Multiply: The Command to Make Disciples

So how did the first week go for you?  Did you learn anything new about what a disciple is?  Are you renewing your efforts to be like the Rabbi?  We learned that we are commanded to be a follower of Christ.  This week we learn about another command.  Not only are we commanded to BE a disciple, we are also commanded to disciple others.  Don’t forget to follow along:

Part 1: Living as a Disciple Maker: 2: The Command to Make Disciples

Imagine you had been waiting all your life for a promised Messiah who would rescue your people from affliction and rule forever.  You had so many expectations of the power and wonder and strength of this Messiah, the Savior of the Jews.  And then… you met Jesus. “But He never quite fit anyone’s expectations of what the Messiah would do or say” (27).  

The disciples followed Jesus day after day to place after place, through hardships and ridicule.  They followed him to the end.  And then… he died.  Along with all their hopes, all their dreams.  Can you imagine the grief? The loss? Not only did they lose a beloved friend, they lost the Savior of their people, the hope of deliverance by God.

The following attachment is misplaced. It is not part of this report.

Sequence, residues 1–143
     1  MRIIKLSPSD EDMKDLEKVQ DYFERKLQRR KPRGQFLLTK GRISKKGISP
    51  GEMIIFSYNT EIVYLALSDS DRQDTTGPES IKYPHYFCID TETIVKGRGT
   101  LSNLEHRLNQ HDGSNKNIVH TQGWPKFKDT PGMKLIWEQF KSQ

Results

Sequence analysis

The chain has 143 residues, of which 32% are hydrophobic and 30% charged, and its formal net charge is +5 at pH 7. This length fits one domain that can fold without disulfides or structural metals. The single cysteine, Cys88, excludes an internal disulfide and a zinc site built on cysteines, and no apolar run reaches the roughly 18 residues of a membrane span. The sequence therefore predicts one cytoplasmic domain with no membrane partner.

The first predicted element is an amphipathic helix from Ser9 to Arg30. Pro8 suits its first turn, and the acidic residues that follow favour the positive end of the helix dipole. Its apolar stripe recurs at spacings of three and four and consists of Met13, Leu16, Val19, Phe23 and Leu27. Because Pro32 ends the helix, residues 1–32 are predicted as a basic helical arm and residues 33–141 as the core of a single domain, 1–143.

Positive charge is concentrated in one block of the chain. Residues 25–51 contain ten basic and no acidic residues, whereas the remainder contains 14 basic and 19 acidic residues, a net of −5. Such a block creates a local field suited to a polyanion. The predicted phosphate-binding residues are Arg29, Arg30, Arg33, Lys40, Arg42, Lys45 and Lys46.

And suddenly and few days later, He was alive! In their midst once again.  His instruction to them wasn’t quite finished.  He had one more command. “Go. Go and make disciples.”  If someone came back from the dead to give you one more instruction, one more warning, how would you react?

Discussion Question #1

Stop for a minute and read Matthew 28. Try to place yourself in the disciples’ shoes as they witnessed these things and heard these words from Jesus.  How do you think you would have reacted?

The Great Commission and the Church